Doctor Who star Peter Capaldi has revealed he once turned down the chance to audition for the central role because he was convinced he had no chance.
The actor said he was asked by his agent to try out for the Doctor when show chiefs were casting for a 1996 movie, which saw Paul McGann take the role.
But speaking for the first time about the missed opportunity, he said he could not have coped with the disappointment if he had tried and failed.
Peter eventually landed the part late last year and appeared in his first full series this year, replacing Matt Smith in the latest run of the classic sci-fi series.
He was asked to head to the auditions when the BBC attempted to revive Doctor Who with a feature-length TV film.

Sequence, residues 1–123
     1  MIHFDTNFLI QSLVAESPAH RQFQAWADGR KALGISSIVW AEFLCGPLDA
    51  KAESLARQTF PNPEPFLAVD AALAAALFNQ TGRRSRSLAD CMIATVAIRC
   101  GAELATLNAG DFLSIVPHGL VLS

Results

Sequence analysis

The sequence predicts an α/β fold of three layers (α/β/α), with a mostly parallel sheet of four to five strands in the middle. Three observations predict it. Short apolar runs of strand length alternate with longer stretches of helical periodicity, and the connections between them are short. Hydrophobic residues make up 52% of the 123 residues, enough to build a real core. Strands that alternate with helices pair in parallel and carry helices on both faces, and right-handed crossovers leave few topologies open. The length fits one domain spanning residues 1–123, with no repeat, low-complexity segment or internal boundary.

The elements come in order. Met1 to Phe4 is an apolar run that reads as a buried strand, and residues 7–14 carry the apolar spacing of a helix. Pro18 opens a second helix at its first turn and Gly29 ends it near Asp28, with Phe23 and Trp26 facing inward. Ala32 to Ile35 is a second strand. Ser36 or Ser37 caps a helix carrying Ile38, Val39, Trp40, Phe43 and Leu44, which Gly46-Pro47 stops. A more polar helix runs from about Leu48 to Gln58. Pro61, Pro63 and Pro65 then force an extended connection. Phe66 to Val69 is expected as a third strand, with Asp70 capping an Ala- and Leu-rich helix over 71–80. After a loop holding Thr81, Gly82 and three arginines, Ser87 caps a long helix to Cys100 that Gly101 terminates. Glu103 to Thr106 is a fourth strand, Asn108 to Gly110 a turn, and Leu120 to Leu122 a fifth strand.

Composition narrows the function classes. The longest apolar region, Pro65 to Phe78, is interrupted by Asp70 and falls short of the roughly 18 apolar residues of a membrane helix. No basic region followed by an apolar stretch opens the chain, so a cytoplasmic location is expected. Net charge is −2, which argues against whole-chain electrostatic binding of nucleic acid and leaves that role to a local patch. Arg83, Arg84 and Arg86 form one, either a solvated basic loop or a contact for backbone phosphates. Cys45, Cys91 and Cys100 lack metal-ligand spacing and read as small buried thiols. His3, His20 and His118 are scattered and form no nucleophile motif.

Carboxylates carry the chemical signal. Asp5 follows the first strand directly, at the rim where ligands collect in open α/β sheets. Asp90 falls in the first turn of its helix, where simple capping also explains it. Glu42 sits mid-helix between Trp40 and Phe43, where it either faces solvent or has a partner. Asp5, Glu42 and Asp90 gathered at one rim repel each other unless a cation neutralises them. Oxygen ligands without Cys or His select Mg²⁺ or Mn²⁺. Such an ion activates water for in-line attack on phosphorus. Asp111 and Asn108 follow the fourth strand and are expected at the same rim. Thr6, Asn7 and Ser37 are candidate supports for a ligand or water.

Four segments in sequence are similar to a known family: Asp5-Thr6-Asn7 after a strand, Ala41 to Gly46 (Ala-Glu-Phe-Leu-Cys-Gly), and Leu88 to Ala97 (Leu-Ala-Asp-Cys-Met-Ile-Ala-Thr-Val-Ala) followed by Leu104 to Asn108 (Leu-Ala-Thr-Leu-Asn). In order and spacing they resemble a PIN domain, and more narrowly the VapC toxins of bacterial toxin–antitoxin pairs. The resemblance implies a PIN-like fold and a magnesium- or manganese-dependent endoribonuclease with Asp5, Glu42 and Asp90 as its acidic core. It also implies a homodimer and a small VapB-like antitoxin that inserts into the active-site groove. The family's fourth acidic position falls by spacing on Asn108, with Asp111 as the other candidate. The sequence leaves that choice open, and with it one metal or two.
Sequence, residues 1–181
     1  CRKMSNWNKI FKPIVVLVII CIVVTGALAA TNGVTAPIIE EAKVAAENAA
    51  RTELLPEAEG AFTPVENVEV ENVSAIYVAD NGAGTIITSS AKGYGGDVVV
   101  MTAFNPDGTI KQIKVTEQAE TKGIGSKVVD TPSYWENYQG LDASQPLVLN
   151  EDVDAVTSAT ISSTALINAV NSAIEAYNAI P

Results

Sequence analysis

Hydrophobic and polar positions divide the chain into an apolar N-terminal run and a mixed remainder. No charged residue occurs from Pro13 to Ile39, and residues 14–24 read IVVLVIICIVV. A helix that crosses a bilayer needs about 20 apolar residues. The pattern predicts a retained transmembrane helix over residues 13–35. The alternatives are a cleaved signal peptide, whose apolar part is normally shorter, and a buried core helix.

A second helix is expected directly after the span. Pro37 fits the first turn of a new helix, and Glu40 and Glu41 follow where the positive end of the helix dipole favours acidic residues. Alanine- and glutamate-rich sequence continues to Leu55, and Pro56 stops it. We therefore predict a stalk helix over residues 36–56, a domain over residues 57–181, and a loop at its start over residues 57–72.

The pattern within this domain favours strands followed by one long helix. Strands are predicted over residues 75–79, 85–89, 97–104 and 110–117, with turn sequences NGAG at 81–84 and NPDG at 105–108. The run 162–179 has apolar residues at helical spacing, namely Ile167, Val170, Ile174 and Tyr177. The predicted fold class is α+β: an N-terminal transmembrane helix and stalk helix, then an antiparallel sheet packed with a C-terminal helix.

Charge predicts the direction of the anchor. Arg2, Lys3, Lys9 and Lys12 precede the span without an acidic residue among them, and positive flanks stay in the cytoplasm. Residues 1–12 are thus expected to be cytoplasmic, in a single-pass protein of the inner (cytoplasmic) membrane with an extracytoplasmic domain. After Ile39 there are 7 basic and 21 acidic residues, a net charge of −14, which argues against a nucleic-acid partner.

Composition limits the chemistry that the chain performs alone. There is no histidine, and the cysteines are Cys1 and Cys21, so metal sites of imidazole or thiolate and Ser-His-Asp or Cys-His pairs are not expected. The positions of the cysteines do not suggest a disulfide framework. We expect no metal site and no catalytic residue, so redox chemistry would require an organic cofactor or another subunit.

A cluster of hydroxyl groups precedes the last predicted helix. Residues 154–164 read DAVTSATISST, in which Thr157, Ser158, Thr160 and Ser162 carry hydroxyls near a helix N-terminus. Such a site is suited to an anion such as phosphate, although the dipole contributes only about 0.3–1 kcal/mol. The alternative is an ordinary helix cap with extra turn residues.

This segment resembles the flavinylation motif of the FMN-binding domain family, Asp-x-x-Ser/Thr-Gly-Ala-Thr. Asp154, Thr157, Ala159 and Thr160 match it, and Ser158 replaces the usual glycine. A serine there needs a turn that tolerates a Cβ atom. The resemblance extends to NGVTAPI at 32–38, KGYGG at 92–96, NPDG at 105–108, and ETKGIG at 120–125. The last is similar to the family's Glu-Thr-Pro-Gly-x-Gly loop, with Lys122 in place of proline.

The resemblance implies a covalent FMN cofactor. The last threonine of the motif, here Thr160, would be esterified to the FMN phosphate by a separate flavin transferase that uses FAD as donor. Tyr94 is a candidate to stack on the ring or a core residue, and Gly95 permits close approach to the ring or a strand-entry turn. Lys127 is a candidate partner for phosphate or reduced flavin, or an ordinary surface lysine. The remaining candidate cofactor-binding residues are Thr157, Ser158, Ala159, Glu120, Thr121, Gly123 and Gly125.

But he admitted : “I knew I wouldn’t get it – I loved the show so much that I didn’t want to have anything to do with it unless it was going to be me.
“I just didn’t want to have the disappointment to go through all the palaver and the jumping through hoops for something I would never get because I knew it was an American pilot and they would go for somebody who was well-known and Paul was and he was fantastic, so I said ‘No, I won’t come along’.
“I said to my agent: tell them thank you very much, but I don’t want to go along,” he added, speaking at the DVD launch of the eighth series of Doctor Who.
The opportunity arose shortly after he won a best short film Oscar for the movie he directed and wrote, Franz Kafka’s It’s A Wonderful Life.
Current Doctor Who boss Steven Moffat admitted it was the first time he had heard that Peter previously turned down the chance to try out for the role.
Peter has been a fan of the series since childhood and famously wrote to Radio Times praising the magazine’s special edition published to mark the show’s 10th anniversary.
The DVD is being released by BBC Worldwide on November 24.